Best-Practices Leadership

A leader in an organization can’t do everyone’s job. Instead of micromanaging, strong leaders use organizational leadership to coordinate, communicate, motivate and delegate among employees and team members. For comprehensive organizational effectiveness, each individual needs to be seen as a contributor, with the leader at the helm.

Most importantly, best-practices leadership involves keeping employees motivated throughout the process, adapting your scope or strategy as necessary, and developing an effective communication strategy.

Some people never make it to the other side because they’re more successful at being doers. This is a crucial point in determining if you’re going to move up the ranks.

Browse our articles, tools and advice on best-practices leadership.

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Dean Kamen, inventor of the portable insulin pump, the wheelchair that climbs stairs and the Segway electric scooter, has three operating principles that have propelled him into leadership in his field:
In 2009, when the rest of the financial industry faced a crisis of legitimacy, Standard Chartered was raising its standing, increasing its overall lending and handing out small and midsize business loans. Today, the bank’s motto says it all: “Here for good.”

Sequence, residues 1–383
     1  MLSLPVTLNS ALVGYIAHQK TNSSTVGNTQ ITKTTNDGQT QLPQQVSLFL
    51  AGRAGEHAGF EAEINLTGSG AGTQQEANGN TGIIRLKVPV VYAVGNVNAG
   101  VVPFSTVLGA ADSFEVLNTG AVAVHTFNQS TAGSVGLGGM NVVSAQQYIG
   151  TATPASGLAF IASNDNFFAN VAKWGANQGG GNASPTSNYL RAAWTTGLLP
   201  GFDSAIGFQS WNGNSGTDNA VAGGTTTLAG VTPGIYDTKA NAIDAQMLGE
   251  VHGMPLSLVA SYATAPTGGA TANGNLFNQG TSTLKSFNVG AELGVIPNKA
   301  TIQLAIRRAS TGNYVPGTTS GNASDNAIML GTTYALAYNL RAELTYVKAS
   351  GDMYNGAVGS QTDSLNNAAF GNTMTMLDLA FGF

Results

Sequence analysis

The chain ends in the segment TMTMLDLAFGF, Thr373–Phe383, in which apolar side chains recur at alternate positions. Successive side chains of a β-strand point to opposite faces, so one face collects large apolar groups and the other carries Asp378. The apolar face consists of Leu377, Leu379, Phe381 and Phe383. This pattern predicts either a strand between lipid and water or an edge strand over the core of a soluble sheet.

So much attention is paid to whether employees are “engaged” in their jobs or not. But managers at all levels need to periodically ask themselves a similar question: Are YOU engaged in managing your employees?

A potent quote, perhaps one learned early in your career, can convey your vision of life and work to your people. Enrique Salem, president and CEO of Symantec, reels off a few of his favorite leadership lessons, which happen to be quotes:

The good, old-fashioned focus group isn’t going away, but leaders are increasingly finding that they can bolster their companies’ R&D efforts by using social media strategies. Take a cue from leaders in the auto industry who use social media to engage with customers:
Understanding the distinction between power and leadership—how leaders use power to accomplish things—is the work of historian Robert Caro. In his books on President Lyndon Johnson, Caro shows that power doesn’t corrupt so much as it reveals: When you amass enough power, it reveals what you’ve really wanted all along.
You probably didn’t know that in 1937, a horse fell on musical genius Cole Porter, crushing his legs. Through 35 operations and chronic pain, he retained a keen sense of humor and found inspiration everywhere.
Sometimes, it takes a miracle to hold an organization (or yourself) together, and sometimes, that miracle turns out to be extremely hard to maintain.
One way to hang onto your optimism is to have a plan in the event of a worst-case scenario. As Winston Churchill did, have a backup plan in place because you might just need it.
Pandora, the free Internet radio that plays music specifically suited to your taste, continues to grow like a weed, with practically every metric skyrocketing. Pandora founder Tim Westergren says, "When you’re a small company, what you lack in scale you have to make up for by being a step ahead of the competition. Innovation is an absolute cornerstone of our company."
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